As a communications scholar, I think about the politics of knowledge and how common sense is constructed. Things we take as the natural order of things actually have a history and a legibility, which is reproduced. I started to see how the history of river development and flood control was tied to plantation management. Plantation management was tied to bringing enslaved people into areas to cultivate the land, which then pressured indigenous people to move out as white settlers moved in. There was a sweeping dynamic that came together as a genealogy of mud.

RS: So the book is — as you all are taking in — just an incredible synthesis of this land that we’re on and water and mud and our surroundings. I know all of us here are trying to wrap our heads around care for one another and care for this place: how did we get to this place, how are we going to live together here, and what’s to come? And the book really captures so much of the paradox of being here and the complexities of it. By using the materiality and metaphor of mud and embracing the messiness, it’s really a gift. I encourage everyone to read it.

One thing I was particularly delighted by is reading about theorists who are thinking so much about these dynamics of how to live on a weathered planet. And I’m thinking of Donna Haraway, Anna Tsing, and Dipesh Chakrabarty. You brought together their thinking on how we can coexist without a desire to fix everything with technology, but to learn about what’s growing in the margins and the weeds and in-betweenness, and how to find moments of joy and pleasure and be here together. What did those theorists mean to you? What was it like to ground their thoughts in your local surroundings and bring together really powerful voices who are thinking about planetary health and how to move through the damage that is already incurred through this extractive thinking and modernity?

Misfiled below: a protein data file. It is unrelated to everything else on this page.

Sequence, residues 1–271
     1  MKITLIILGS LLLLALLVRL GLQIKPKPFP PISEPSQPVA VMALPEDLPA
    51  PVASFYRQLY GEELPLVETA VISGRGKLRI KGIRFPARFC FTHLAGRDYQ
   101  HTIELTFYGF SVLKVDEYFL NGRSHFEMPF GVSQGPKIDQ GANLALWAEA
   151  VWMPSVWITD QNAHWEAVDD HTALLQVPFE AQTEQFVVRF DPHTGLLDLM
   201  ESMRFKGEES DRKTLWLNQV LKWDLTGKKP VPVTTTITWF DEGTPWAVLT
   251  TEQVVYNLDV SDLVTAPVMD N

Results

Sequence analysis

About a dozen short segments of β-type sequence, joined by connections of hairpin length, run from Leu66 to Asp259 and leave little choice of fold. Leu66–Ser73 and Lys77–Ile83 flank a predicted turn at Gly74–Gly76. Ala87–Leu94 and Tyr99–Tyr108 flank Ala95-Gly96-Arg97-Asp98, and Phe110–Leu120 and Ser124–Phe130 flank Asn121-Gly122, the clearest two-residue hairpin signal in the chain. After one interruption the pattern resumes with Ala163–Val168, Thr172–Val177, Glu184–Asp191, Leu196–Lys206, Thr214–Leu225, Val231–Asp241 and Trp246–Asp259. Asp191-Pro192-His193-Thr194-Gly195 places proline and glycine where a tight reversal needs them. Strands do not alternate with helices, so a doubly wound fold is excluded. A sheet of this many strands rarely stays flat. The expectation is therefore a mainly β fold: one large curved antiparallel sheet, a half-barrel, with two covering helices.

NR: One of the things I touch on is this idea of wildness rather than wilderness. Wildness is not untouched or pristine. But it continues to persist through sidewalks and weeds that you might not be cultivating intentionally. Anna Tsing talks about Matsutaki mushroom picking. It’s this fungus that grows in damaged areas. It organizes lots of different people that go mushroom hunting and exchange mushrooms around the world. There’s some comfort in that. There is life beyond the “natural” because nothing is really natural anymore. Everything is somewhat disturbed. Finding ways to live with and alongside any altered ecology is going to be critical. New Orleans is, you know, an ironic place in this extractive Petro state of Louisiana.